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How to Prepare for a Custody Hearing

How to Prepare for a Custody Hearing

Learn how to prepare for a custody hearing with the civil litigation and family law attorneys at Nguyen & Chen. When you need expert representation, schedule a consultation with our team. 

Fighting for the custody of a child is any parent’s biggest fear. Whether you are separating from the other parent or in the middle of a divorce, it’s an overwhelming process. Often, people aren’t sure whether to hire an attorney or navigate the custody battle on their own. 

However, it’s a crucial consideration when you want to petition the court for custody. While it’s possible to represent yourself, and tempting at times, it’s a risky choice to make. Even when the case seems simple and straightforward, these legal matters are often quite complex. 

When you partner with an attorney that knows how to prepare for a custody hearing, you have someone to build your case, maintain paperwork, track deadlines and important details, and protect your best interests. If you choose to represent yourself, you bear the responsibility of learning child custody laws and the family code of Texas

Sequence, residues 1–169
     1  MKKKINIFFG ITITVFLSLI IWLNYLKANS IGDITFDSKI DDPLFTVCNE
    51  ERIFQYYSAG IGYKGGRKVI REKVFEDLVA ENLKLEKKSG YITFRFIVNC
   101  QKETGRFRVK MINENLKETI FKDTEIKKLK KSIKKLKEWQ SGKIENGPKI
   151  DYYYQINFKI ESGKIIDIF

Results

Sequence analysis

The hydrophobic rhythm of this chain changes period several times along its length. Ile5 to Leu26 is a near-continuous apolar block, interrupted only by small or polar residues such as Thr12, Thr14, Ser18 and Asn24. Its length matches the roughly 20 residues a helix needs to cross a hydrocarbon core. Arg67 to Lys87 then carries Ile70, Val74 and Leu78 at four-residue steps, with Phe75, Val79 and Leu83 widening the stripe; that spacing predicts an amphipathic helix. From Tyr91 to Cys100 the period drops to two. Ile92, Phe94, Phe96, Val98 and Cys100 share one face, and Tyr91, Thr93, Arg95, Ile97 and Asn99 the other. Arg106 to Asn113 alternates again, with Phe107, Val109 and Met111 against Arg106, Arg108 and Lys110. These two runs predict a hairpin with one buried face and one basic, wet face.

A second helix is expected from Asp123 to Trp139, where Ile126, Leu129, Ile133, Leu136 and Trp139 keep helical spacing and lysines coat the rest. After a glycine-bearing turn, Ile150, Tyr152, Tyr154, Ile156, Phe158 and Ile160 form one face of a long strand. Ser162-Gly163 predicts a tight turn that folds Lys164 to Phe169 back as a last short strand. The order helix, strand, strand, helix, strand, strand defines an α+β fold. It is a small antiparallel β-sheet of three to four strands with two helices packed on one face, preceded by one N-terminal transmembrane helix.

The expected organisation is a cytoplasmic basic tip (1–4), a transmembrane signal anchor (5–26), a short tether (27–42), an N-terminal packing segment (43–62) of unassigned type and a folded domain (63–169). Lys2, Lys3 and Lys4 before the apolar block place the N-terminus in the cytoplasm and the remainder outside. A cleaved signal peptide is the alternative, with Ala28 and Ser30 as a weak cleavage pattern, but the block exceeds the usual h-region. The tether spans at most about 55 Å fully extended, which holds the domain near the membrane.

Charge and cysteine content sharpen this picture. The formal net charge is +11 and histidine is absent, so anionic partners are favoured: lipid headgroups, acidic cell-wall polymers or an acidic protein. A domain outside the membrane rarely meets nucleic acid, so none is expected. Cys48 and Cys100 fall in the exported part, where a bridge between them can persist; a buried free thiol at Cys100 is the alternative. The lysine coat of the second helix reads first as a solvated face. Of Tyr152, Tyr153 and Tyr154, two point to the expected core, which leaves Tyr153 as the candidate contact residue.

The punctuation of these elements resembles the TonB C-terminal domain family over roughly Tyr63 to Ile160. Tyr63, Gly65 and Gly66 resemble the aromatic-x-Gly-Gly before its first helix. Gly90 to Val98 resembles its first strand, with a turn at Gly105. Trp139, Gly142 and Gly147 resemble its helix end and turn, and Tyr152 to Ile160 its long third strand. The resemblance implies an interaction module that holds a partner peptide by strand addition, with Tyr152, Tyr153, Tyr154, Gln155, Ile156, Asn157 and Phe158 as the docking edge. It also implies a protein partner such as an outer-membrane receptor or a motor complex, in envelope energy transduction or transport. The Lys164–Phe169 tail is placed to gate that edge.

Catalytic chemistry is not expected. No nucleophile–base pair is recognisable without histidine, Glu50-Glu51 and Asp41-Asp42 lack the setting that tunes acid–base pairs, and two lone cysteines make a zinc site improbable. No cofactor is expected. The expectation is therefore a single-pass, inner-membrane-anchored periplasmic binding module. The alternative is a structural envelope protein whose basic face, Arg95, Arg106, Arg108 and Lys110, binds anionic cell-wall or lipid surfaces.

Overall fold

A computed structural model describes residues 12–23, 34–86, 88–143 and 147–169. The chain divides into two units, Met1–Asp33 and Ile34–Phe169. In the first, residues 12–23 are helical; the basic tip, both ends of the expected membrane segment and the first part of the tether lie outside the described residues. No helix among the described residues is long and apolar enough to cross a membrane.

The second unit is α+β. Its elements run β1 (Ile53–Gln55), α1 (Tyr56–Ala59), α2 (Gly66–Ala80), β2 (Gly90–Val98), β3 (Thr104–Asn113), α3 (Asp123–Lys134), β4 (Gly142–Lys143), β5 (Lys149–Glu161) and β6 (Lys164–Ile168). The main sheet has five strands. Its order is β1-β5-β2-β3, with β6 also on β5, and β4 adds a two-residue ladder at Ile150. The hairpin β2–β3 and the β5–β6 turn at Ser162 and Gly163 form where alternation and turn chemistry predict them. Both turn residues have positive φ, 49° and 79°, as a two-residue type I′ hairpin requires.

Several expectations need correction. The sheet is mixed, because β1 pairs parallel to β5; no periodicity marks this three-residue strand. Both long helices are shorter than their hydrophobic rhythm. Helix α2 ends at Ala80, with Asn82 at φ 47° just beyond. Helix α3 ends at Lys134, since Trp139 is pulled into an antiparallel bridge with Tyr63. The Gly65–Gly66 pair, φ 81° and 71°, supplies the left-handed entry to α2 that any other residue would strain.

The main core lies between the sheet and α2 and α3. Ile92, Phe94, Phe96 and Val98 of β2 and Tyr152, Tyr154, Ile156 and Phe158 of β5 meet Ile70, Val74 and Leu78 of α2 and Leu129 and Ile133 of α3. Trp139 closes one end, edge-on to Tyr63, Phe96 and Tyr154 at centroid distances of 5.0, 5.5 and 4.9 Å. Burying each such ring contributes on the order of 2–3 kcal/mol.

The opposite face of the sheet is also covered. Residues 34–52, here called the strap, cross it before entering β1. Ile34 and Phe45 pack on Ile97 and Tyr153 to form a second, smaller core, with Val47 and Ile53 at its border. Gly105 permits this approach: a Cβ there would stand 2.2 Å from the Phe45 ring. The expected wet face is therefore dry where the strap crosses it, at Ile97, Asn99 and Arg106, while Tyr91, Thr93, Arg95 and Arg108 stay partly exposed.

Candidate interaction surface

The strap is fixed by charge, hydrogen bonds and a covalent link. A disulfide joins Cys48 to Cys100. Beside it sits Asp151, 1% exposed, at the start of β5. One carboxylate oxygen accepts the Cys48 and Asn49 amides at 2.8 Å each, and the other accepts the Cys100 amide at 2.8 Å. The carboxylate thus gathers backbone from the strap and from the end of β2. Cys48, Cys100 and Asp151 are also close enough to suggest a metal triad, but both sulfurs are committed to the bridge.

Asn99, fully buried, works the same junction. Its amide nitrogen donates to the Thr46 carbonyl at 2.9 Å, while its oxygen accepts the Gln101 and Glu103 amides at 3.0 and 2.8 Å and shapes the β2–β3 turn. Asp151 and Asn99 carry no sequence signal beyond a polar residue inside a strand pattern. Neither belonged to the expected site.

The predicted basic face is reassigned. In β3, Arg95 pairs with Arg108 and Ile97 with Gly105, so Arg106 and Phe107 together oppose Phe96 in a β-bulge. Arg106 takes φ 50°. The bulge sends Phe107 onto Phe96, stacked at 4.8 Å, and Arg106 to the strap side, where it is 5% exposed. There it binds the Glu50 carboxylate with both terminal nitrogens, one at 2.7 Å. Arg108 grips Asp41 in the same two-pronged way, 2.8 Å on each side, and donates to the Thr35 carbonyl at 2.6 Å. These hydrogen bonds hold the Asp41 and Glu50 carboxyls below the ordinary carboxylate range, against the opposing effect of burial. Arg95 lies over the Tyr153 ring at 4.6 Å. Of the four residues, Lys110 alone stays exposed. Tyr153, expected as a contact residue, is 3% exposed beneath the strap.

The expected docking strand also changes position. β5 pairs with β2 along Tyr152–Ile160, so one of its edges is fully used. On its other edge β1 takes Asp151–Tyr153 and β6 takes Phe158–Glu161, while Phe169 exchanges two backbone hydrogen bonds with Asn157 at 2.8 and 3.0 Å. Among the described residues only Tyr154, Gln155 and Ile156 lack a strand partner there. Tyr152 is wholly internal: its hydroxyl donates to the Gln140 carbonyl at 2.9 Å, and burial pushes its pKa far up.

Factors to Consider As You Make the Decision to Hire an Attorney

  • Does the other parent have an attorney? If your ex has a lawyer, it’s a good idea to have representation of your own. 
  • Have your case’s circumstances changed drastically? Some cases begin in a straightforward manner but become increasingly complex as it continues. 
  • Are you familiar with family law in Texas? Navigating these matters requires a great deal of research, and you need to thoroughly understand which laws apply to your case. Additionally, you are the sole individual responsible for paperwork, deadlines, and communication. 
  • Do you have a criminal record? In a custody case, certain charges are challenging. If they are recent, this is all the more true. 
  • Does your case involve the CPS? If your case involves CPS, it’s a good idea to consult a family law attorney to gain a better understanding of your situation. 

How to Hire an Attorney

When you aren’t sure how to prepare for a custody hearing or don’t have the patience to work with your ex, find an experienced attorney to protect and pursue your interests. If you schedule a free consultation with Nguyen & Chen, one of our attorneys will listen to your case and help you understand the laws that apply. 

With an advocate on your side, you have someone who already understands the rules and procedures of the Houston court system. Moreover, our legal team has experience with a variety of judges and understand how they make decisions.